Debenhams empty units to remain on high streets for years, experts warn

Debenhams Boohoo acquisition
Since Debenhams fell into administration for the second time within a year last April, the department store chain has announced significant job losses and scores of store closures
// Debenhams’ empty stores could remain on high streets for years
// The department store chain was sold to Boohoo for £55m
// Boohoo will shutter Debenhams’ stores and retain its online channel

The former Debenhams stores on the UK’s high streets are likely to remain as empty units for years, experts have reportedly warned.

Following the £55 million sale of the Debenhams brand to online retailer Boohoo, the department store chain is set to shutter stores while retaining its website.

Experts have said stores in prime locations had potential for conversion, Property Week reported.


The Boohoo deal means the remaining 118 stores of Debenhams, which went into liquidation less than two months ago, would permanently shut down, effectively making at least 10,000 staff out of work.

Boohoo Group, which owns PrettyLittleThing, Nasty Gal, MissPap and Boohoo itself, said the deal was a huge step in its ambitions to create the UK’s largest marketplace.

Since Debenhams fell into administration for the second time within a year last April, the department store chain has announced significant job losses and scores of store closures.

Earlier this week, real estate adviser Altus Group said landlords may be forced to pay nearly £1 billion in business rates for empty shops during the Covid-19 pandemic.

The collapse of both Debenhams and Arcadia group could see 14 million sq ft of retail space become vacant. Landlords may have to stump up a further £141 million annually in empty rates, after a short exemption period, if new tenants cannot be found.

News of Boohoo’s acquisition of Debenhams came as rival online fashion retailer Asos announced it was in exclusive talks to buy Topshop from administrators.

Asos said on Tuesday it was interested in saving the Topshop flagship store in London if its exclusive talks to buy Arcadia Group brands out of administration succeeds.

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  1. As was covered in the press last week, but not by yourselves, one of the UK’s leading leisure operators, Gravity Active Entertainment, has signed to take on the ex Debenhams unit in Wandsworth which they are redeveloping into an 80,000sqft flagship family leisure destination.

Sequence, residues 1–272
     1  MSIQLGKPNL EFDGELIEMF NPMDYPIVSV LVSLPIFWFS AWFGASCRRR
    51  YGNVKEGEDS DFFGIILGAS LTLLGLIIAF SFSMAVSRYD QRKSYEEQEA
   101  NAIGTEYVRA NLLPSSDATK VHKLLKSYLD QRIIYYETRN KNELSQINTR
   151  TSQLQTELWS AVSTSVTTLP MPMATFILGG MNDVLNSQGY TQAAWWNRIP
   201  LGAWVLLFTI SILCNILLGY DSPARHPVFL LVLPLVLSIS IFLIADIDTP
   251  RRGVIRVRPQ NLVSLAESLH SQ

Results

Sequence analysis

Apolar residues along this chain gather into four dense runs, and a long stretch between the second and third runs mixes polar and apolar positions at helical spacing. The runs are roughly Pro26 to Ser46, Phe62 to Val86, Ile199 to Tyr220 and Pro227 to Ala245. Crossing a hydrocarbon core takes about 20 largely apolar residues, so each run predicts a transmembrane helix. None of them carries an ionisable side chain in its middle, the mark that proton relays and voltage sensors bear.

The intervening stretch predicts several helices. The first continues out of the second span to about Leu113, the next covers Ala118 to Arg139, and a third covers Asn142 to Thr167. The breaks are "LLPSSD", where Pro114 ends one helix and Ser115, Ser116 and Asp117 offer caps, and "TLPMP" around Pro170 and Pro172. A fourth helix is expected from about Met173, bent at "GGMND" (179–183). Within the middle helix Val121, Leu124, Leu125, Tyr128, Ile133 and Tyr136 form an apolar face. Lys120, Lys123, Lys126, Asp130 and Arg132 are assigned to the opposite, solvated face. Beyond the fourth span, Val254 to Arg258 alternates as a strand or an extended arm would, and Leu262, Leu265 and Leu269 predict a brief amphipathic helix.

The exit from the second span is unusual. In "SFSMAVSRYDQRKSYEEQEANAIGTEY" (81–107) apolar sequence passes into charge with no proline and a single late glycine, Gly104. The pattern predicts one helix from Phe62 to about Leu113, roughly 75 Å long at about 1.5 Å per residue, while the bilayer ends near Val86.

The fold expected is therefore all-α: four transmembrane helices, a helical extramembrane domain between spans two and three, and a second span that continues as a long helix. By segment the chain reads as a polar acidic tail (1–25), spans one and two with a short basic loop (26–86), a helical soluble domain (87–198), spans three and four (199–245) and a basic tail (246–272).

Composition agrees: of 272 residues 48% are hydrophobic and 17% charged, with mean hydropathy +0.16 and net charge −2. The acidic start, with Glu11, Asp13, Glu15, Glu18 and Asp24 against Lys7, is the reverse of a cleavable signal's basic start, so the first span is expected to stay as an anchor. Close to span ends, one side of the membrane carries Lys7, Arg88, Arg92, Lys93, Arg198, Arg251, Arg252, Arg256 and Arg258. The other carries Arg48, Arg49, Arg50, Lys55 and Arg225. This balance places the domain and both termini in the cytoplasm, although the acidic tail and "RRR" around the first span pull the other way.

I think this is a great example of how these sites can be made relevant to future customer aspirations. It does however need some foresight from property owners to invest in making the space match with the requirements of future tenants.

  2. Not necessarily there are plans for our old units and many others for alternative uses like mixed use, apartments, apart hotel, hotel, and smaller retail units.

    Weymouth has gone to The Range. Most of them will find a new use.
    Canterbury has plans for redevelopment as retail various classes of units on ground floor and flats above. They will sell the flats as a lot of people want to live in the heart of the city.

    Folkestone will find a new use and is currently being used as a covid19 vaccine centre.
    Really hope the original features of these old stores like the central staircase in Folkestone are kept. Some of the ground floor could be given over to an M and S food hall as they have wanted to return to Folkestone for years Marks and Spencer.

    I do think new uses are going to be found and stores will get repurposed.

    Business Rates needs another 1 year holiday and then abolishing with a turnover scheme introduced and online needs to be taxed it’s as simple as that to provide a level playing field.

    A click and collect tax could be lower than a deliver to home tax, and a buy in store could have a lower level of VAT. There are ways if the government want to support jobs on the high street.


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